SBD/September 28, 2012/Leagues and Governing Bodies

NHL Lockout, Day 13: NHL Cancels Rest Of Preseason; CBA Talks Scheduled For Weekend

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To the "surprise of no one, the NHL cancelled the second half of the 2012 preseason schedule Thursday, citing the fact there is no collective bargaining agreement currently in place between the league and the players," according to Eric Duhatschek of the GLOBE & MAIL. Talks between the two sides "on non-core economic issues are supposed to begin Friday in New York and theoretically are scheduled to last for three days." But since the "pivitol difference between the two sides is largely financial, it is unclear what, if any, traction they might find in this new round of negotiations while focusing on matters such as contract terms, arbitration and free agency." The regular season is scheduled to start Oct. 11 and "leverage in the negotiations may shift at that point, because that's when players start to draw their salaries" (GLOBE & MAIL, 9/28). In Toronto, Kevin McGran notes neither side "will say they're coming armed with a new proposal and the prospects of a new deal by Sunday are grim." The "popular thinking -- as framed by the NHL -- is that it is up to the players to come with a new proposal." A source on the players' side said that concessions "are the theme of their proposals and they're still waiting to see if the NHL makes an offer with concessions included." If talks "end badly by Sunday, some players surmise that an exodus to Europe will follow" (TORONTO STAR, 9/28). Also in Toronto, Lance Hornby notes the NHL has "insisted it's waiting for the union to come back with something substantive, but nothing major is in the cards just yet" (TORONTO SUN, 9/28). In Philadelphia, Frank Seravalli reports the league is "expected to formally begin canceling regular-season games next week" (PHILADELPHIA DAILY NEWS, 9/28). In Minneapolis, Michael Russo noted former NHLer and current NHLPA rep Joe Reekie Wednesday night "provided a dinner update for the locked-out players" in the city. After talking to many of the Wild players on Thursday, Russo noted their "hope is once regular-season games are inevitably canceled that owners will start to cave once revenue is lost." Players said that if talks this weekend "go nowhere, they can see a flood of guys going overseas around Oct. 11-13, the scheduled time the regular season is supposed to begin" (STARTRIBUNE.com, 9/27).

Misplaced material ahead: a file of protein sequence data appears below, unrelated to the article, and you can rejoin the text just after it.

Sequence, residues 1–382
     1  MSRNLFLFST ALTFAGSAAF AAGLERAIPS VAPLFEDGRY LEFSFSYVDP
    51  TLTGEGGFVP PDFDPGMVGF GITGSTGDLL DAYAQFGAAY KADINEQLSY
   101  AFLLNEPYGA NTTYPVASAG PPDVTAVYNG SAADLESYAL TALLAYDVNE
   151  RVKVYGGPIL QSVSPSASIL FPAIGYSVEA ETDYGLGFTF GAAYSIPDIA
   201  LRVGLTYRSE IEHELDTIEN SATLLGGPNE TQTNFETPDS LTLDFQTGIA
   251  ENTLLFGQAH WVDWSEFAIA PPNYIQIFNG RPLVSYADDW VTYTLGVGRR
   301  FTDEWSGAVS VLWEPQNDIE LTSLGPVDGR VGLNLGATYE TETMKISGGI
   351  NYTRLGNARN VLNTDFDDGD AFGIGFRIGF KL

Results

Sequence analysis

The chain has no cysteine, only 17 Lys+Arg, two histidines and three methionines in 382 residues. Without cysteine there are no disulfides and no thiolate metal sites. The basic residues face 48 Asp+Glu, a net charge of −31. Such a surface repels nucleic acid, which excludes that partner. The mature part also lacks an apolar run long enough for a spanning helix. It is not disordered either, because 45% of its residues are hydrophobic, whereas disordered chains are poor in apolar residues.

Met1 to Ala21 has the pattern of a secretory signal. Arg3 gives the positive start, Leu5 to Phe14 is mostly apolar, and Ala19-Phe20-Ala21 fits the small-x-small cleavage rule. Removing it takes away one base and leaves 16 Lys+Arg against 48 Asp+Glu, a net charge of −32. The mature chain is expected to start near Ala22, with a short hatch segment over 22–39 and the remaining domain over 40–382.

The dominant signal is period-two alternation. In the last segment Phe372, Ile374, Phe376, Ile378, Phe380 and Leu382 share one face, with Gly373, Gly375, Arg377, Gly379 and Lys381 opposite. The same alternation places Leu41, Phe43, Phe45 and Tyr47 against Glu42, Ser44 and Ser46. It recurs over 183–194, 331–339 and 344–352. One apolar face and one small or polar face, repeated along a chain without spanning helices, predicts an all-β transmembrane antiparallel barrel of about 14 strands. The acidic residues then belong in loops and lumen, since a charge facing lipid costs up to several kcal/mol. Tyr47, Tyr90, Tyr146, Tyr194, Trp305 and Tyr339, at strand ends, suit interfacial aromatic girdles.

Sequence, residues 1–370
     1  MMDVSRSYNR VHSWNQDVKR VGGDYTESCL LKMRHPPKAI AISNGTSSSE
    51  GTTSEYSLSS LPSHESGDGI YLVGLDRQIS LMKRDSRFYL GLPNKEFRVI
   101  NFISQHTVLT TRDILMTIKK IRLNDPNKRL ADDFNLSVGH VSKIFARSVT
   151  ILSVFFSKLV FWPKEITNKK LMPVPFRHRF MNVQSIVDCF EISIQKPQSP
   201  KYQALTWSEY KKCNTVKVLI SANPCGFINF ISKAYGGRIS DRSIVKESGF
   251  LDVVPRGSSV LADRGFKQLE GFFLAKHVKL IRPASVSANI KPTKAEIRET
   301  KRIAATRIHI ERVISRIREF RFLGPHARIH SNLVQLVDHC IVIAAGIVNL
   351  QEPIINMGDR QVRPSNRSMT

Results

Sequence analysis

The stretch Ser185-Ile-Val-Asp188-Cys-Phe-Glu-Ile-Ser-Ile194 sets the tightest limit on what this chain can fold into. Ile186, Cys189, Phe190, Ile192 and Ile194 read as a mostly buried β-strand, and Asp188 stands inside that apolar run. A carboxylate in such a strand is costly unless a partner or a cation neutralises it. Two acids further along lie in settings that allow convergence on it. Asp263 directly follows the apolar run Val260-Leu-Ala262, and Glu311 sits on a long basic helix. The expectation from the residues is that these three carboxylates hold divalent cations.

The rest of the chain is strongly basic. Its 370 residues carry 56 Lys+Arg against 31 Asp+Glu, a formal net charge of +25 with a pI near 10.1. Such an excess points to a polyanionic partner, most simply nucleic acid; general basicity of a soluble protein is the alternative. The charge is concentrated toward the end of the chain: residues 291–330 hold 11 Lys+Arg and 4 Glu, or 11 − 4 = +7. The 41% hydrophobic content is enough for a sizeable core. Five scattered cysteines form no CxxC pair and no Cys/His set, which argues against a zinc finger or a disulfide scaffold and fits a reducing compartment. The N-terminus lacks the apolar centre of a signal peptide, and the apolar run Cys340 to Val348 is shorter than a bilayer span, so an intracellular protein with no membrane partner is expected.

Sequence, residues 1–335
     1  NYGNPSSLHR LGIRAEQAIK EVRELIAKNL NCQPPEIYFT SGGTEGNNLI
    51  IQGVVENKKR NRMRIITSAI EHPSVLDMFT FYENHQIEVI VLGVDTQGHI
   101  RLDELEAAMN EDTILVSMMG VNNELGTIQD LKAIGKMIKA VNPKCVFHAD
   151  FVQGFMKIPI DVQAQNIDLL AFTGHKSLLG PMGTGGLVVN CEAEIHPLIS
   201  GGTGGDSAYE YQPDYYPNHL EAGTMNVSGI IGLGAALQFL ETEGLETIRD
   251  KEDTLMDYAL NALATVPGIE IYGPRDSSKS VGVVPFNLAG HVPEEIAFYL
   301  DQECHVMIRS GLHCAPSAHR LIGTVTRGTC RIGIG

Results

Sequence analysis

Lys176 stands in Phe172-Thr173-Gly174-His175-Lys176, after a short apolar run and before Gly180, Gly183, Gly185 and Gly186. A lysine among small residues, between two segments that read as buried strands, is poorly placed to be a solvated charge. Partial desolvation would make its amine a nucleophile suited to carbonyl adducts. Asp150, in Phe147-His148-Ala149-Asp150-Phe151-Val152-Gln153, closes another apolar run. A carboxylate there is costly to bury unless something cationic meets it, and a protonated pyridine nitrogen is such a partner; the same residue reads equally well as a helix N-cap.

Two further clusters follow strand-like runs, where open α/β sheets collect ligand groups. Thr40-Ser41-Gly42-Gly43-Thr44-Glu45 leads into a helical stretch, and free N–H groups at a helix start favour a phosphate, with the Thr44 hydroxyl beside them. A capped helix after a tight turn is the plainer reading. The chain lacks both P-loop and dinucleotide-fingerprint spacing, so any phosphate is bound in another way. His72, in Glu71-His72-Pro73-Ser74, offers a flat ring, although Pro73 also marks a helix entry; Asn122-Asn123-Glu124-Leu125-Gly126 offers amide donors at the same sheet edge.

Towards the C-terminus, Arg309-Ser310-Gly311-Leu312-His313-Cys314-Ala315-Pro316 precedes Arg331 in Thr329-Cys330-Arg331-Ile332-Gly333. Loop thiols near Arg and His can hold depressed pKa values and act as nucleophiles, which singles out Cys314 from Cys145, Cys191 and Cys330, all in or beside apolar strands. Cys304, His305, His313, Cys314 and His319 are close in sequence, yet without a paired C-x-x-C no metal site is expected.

FANS WANT AN EXPLANATION: In Detroit, Gregg Krupa writes what "encourages" the owners and NHL Commissioner Gary Bettman is "the players have little power." Wisdom would "dictate that amid their undeniable strength the owners and Bettman ought to reach a deal that provides for a future free of lockouts." Instead, "outright confrontation is the serial negotiating tactic of the Bettman era, the only tactic he apparently learned in his long employment by both the NHL and the NBA." Bettman and a "core of obstinate NHL owners, remain in the dark ages, utterly disrespectful of the players and fans, whom Bettman cravenly calls 'the best'" (DETROIT NEWS, 9/28). In N.Y., Pat Leonard writes fans "want an explanation for this onslaught of lockouts." Bob Batterman, a partner at the law firm Proskauer Rose who serves as labor counsel for the NFL and NHL and advised the NFL in its bargaining with officials, said, "When you get into a situation where you’ve got a salary-cap system in these leagues, where the salary cap guarantees the players a percentage of revenue, at the time you do (the deal), you’re doing it based upon your current economics and what your projections are for the future. And then over time, to the extent that those projections (may) prove wrong ... the employer is looking for a change. And the employee doesn’t want to change, they’re happy with the percentage they’re getting. So ... it’s the employer who’s got to pull the trigger to force a change downward" (N.Y. DAILY NEWS, 9/28).